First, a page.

The History of Modern Mathematics, Volume II: Institutions and Applications focuses on the history and progress of methodologies, techniques, principles, and approaches involved in modern mathematics.
The selection first elaborates on crystallographic symmetry concepts and group theory, case of potential theory and electrodynamics, and geometrization of analytical mechanics. Discussions focus on differential geometry and least action, intrinsic differential geometry, physically-motivated research in potential theory, introduction of potentials in electrodynamics, and group theory and crystallography in the mid-19th century. The text then elaborates on Schouten, Levi-Civita, and emergence of tensor calculus, modes and manners of applied mathematics, and pure and applied mathematics in divergent institutional settings in Germany. Topics include function of mathematics within technical colleges, evolvement of the notion of applied mathematics, rise of technical colleges, and an engineering approach to mechanics. The publication examines the transformation of numerical analysis by the computer; mathematics at the Berlin Technische Hochschule/Technische Universität; and contribution of mathematical societies to promoting applications of mathematics in Germany.
The selection is a valuable reference for mathematicians and researchers interested in the history of modern mathematics.
- Mathematical institutions in France and Germany and their role in promoting applications
- Relationship between mathematics and physics
- Foundations of mathematics
- Complex variable theory, geometry and topology
- Geometry in the spirit of Klein's Erlangen program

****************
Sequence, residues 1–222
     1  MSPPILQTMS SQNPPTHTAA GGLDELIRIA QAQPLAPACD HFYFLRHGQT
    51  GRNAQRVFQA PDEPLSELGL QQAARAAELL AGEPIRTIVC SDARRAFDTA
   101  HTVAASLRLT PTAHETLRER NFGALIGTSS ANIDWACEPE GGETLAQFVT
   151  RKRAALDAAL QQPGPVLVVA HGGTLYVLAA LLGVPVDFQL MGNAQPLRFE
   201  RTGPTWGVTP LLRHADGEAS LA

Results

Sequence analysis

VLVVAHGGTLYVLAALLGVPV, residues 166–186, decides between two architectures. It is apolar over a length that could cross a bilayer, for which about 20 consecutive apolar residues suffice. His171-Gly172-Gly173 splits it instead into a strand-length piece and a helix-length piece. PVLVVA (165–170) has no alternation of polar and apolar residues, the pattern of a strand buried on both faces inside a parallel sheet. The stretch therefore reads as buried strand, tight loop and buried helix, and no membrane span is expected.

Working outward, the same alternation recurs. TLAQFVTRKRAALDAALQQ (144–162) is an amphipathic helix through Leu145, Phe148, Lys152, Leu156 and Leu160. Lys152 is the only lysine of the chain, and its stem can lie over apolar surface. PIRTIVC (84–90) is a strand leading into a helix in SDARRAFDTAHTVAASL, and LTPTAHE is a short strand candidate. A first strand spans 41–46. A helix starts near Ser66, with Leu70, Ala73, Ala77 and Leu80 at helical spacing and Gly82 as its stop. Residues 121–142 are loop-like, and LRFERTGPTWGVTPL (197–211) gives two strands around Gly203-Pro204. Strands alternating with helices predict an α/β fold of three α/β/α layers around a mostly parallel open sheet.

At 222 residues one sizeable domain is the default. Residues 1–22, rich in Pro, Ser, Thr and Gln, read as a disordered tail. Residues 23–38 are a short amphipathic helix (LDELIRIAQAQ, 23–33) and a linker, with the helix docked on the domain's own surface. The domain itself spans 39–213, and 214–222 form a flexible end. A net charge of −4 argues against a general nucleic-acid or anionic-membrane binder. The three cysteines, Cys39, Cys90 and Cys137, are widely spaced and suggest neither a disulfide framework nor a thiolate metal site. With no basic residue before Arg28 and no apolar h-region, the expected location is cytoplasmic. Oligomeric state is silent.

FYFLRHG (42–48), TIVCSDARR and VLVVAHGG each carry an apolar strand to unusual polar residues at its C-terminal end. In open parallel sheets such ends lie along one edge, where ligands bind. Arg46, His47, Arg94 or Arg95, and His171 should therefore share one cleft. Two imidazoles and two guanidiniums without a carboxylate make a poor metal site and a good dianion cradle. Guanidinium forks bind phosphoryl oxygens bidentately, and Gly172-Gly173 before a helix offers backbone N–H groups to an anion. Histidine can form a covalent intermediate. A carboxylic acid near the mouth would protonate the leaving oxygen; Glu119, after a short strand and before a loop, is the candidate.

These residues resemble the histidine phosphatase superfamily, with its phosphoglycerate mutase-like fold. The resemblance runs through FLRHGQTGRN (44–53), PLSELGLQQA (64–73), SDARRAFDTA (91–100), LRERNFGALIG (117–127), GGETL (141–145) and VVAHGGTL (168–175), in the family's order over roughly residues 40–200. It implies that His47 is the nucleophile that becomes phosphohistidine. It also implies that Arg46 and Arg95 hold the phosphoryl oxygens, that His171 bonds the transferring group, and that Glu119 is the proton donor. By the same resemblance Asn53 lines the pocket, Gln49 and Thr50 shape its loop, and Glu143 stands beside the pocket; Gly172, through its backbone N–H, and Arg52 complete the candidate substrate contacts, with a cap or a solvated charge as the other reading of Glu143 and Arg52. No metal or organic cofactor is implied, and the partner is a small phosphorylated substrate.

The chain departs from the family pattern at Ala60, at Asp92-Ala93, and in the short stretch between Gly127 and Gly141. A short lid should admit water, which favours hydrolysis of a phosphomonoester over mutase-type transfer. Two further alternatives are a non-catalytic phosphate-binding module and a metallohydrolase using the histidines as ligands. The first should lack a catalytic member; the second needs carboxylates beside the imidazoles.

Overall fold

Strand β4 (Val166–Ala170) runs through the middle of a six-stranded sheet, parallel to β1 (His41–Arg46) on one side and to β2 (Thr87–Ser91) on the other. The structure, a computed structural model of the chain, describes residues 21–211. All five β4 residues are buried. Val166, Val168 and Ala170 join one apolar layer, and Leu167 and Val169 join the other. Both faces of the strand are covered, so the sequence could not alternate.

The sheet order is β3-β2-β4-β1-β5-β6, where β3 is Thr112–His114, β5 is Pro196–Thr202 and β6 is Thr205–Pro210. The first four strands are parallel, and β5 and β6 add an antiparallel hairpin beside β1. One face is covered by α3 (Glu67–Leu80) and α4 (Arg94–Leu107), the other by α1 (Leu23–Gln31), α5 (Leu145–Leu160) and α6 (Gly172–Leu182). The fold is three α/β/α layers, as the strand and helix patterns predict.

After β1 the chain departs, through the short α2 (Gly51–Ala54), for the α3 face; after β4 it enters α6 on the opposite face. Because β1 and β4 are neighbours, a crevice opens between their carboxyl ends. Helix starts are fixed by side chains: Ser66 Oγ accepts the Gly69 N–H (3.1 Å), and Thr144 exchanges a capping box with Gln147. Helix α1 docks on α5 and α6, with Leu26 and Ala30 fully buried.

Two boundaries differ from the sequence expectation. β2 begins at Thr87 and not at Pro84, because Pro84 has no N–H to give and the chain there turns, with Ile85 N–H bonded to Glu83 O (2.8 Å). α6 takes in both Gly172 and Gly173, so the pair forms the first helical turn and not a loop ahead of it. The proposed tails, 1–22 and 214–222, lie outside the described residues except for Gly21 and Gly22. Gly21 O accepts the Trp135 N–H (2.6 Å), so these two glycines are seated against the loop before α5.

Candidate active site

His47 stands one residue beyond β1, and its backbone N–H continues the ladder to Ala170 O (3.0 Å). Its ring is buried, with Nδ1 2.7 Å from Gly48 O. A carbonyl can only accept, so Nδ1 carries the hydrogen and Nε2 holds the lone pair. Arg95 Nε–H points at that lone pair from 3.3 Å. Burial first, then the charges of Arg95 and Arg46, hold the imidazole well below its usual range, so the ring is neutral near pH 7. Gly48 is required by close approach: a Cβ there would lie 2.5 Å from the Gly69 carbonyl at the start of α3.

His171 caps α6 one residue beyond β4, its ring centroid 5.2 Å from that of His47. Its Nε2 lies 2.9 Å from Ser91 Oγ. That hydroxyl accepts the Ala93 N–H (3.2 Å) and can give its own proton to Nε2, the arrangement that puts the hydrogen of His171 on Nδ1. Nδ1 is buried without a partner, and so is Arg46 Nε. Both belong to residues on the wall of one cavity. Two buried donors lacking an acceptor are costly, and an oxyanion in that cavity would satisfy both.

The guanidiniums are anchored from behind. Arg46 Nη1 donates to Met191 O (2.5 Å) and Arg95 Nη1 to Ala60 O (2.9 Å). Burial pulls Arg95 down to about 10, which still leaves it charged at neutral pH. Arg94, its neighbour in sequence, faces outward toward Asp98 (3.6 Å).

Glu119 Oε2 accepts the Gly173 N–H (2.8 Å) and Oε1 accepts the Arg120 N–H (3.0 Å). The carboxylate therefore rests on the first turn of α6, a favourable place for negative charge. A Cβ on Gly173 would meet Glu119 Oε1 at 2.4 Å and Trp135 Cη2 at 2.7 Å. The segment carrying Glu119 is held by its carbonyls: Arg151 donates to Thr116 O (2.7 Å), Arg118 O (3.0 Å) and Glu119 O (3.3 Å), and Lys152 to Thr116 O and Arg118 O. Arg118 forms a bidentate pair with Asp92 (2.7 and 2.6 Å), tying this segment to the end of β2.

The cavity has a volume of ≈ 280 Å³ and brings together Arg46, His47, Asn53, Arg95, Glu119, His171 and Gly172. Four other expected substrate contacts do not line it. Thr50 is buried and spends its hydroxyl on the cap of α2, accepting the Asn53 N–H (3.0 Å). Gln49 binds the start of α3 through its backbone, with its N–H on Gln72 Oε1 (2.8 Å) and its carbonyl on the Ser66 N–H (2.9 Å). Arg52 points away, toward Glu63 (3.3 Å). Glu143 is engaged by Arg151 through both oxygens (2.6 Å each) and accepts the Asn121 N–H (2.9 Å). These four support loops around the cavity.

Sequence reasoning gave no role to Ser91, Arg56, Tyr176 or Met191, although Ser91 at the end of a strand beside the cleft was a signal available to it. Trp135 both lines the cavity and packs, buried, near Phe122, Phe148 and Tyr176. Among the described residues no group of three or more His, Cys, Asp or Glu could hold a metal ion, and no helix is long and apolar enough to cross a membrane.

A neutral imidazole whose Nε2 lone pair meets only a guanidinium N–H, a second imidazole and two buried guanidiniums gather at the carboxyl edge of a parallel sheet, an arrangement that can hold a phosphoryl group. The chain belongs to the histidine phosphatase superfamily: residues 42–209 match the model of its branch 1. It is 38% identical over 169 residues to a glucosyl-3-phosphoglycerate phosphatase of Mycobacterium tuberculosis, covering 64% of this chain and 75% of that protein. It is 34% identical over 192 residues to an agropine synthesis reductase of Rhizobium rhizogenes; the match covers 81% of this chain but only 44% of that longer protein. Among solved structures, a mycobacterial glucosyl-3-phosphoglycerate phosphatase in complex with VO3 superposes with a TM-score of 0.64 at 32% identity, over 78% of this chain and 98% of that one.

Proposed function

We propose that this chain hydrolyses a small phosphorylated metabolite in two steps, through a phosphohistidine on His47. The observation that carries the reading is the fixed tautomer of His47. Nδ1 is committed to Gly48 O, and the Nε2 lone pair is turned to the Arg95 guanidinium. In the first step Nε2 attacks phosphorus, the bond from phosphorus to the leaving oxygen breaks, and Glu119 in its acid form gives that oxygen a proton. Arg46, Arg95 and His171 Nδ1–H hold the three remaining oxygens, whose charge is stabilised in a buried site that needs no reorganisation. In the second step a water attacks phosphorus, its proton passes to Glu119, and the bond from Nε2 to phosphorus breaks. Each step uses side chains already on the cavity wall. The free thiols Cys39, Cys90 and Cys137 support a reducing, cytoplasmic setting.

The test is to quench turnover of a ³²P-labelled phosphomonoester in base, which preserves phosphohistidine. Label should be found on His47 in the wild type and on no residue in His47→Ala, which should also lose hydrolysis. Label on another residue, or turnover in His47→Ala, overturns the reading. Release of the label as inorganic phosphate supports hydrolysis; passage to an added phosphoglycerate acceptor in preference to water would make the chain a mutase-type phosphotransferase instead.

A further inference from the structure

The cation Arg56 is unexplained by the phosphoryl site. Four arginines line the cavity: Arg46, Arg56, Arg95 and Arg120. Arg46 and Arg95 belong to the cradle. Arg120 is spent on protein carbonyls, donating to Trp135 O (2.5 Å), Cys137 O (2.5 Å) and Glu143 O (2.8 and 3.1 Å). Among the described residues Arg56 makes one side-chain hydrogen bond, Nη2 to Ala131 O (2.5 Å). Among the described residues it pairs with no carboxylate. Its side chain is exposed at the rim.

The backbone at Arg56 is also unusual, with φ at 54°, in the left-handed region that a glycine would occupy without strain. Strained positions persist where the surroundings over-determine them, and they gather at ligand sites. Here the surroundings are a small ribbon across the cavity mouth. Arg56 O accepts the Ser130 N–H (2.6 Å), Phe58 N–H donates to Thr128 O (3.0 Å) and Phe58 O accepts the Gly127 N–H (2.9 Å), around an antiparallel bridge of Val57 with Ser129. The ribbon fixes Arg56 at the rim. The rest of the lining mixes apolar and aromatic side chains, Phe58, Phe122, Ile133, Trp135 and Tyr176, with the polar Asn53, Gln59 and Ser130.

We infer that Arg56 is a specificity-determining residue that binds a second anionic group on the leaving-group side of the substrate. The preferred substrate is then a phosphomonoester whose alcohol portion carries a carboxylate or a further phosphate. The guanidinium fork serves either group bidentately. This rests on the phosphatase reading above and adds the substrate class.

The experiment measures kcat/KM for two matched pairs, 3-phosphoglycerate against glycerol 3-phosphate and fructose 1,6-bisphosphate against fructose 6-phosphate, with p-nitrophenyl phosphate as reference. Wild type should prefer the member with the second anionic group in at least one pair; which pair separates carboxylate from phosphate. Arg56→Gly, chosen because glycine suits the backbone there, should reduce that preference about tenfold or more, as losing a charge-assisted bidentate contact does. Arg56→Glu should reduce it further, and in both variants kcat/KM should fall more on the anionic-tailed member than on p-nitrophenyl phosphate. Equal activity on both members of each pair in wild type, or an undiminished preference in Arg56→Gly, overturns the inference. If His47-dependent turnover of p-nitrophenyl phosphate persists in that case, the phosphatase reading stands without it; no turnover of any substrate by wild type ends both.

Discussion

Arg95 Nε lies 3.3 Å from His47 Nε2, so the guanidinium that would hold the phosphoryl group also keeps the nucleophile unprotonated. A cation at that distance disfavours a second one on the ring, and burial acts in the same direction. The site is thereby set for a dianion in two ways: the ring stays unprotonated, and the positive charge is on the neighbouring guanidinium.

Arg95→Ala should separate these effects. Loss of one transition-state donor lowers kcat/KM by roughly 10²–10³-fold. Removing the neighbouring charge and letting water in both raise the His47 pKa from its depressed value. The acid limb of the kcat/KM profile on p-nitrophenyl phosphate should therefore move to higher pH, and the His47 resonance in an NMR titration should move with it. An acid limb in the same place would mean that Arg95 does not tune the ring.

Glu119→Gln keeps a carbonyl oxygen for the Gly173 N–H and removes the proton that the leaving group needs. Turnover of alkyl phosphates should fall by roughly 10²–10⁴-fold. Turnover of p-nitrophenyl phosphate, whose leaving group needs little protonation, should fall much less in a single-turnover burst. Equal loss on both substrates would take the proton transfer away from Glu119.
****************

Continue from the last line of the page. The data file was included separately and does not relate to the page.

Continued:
- Algebra and number theory
- Formative influences on mathematics in the United States
Mathematicians, mathematical libraries, and historians of science.
The Crossroads of Mathematics and Physics: E. Scholz, Crystallographic Symmetry Concepts and Group Theory (1850-1880). T. Archibald, Physics as a Constraint on Mathematical Research: The Case of Potential Theory and Electrodynamics. J. Ladutzen, The Geometrization of Analytical Mechanics: A Pioneering Contribution by Joseph Liouville (ca. 1850). D.J. Struik, Schouten, Levi-Civita, and the Emergence of Tensor Calculus. Applied Mathematics in the Early 19th-Century France: I. Grattan-Guinness, Modes and Manners of Applied Mathematics: The Case of Mechanics. A.D. Dalmedico, La Propogation des Ondes en Eau Profoned et ses Daaeveloppements Mathaaematiques: (Poisson, Cauchy 1815-1825). Pure versus Applied Mathematics in Late 19th-Century Germany: G. Schubring, Pure and Applied Mathematics in Divergent Institutional Settings in Germany: The Role and Impact of Felix Klein. R. Tobies, On the Contribution of Mathematical Societies to Promoting Applications of Mathematics in Germany. E. Knobloch, Mathematics at the Berlin Technische Hochschule/Technische Universitadat: Social, Institutional, and Scientific Aspects. Applied Mathematics in the United States During World War II: L. Owens, Mathematicians at War: Warren Weaver and the Applied Mathematics Panel, 1942-1945. W. Aspray, The Transformation of Numerical Analysis by the Computer: An Example from the Work of John von Neumann. Notes on the Contributors.
- No. of pages:
- © Academic Press 1989
- 28th June 2014
- Academic Press
- eBook ISBN:
"These volumes will interest advanced undergraduate and graduate students of the history of mathematics." --CHOICE
"Very interesting reading." --AMERICAN MATHEMATICAL MONTHLY